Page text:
Date of Award

5-2012

Document Type

Open Access Dissertation

Degree Name

Doctor of Philosophy (PhD)

Degree Program

Molecular and Cellular Biology

First Advisor

Rodney K. Murphey

Second Advisor

Elizabeth A. Connor

Third Advisor

Randall W. Phillis

Subject Categories

Biology | Cell Biology | Cellular and Molecular Physiology

Abstract

The development of complex neural networks relies on a careful balance of environmental cues to guide and shape both ends of the eventual connection. However, the correct wiring of circuits whose components share molecular profiles depends on a more elaborate phenomenon, competition. Despite being highly studied, there is still a lack of understanding as to the mechanism that allows molecularly identical cells to form exclusive connections with their targets. To address this complex question, we turned to a simple circuit within the genetically tractable fly. Responsible for the escape reflex, the Giant Fiber System is comprised of bilaterally symmetrical axons that innervate the ipsilateral "jump" motorneuron, TTMn in a 1:1 ratio. However, if a TTMn is unilaterally ablated prior to circuit formation, this ratio is disrupted and the deprived axon forms its presynaptic terminal on the opposite side.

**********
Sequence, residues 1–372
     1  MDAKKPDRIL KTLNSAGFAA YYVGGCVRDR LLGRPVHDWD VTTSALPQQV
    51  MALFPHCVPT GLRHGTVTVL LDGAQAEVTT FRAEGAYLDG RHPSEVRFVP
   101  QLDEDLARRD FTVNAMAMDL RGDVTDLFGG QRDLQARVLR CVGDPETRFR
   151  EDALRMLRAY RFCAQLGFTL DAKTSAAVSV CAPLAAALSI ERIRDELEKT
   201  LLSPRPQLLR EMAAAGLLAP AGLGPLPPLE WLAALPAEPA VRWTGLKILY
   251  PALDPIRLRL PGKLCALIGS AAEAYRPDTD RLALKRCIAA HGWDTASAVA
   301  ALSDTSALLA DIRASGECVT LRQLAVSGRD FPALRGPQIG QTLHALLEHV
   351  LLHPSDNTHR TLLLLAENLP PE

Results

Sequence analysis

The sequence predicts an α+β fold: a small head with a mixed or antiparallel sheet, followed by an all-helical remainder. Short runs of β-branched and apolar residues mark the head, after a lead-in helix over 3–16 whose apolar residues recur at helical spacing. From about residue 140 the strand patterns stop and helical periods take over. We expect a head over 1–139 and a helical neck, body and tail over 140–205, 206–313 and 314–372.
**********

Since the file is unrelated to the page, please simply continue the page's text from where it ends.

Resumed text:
Midline crossing by the deprived axon led to exploration of a known pathway in giant fiber development, midline repulsion via Slit and Roundabout. Axons in which Roundabout levels were reduced through a natural pathway antagonist, Commissurelesss, crossed the midline freely, confirming a native, if normally restricted ability to do so. However, unlike the overlapping giant fiber terminals seen following ablation, these axons retained their wild exclusivity, elaborating their terminals toward a single TTMn. This supported our initial aim of uncovering a competitive force in giant fiber target selection.

In addition to repulsion, I also examined the attractive pathway of Netrin and Frazzled for a possible role in target identification. Varying the levels of Frazzled receptors led to increased midline crossing and overlapped terminals, suggesting a connection between this attractive receptor and the repulsion pathway first examined. Frazzled has been shown to induce commissureless expression independent of its ligand, making it an important linchpin in the regulation of giant fiber guidance and competition. In fact, when allowed to traverse the midline, giant fibers responded to a Netrin increase with overlapping synaptic terminals. In this dissertation, I present a model in which giant fibers possess competitive machinery, driven by Netrin and triggered by Frazzled, underneath the naturally restrictive midline repulsion.

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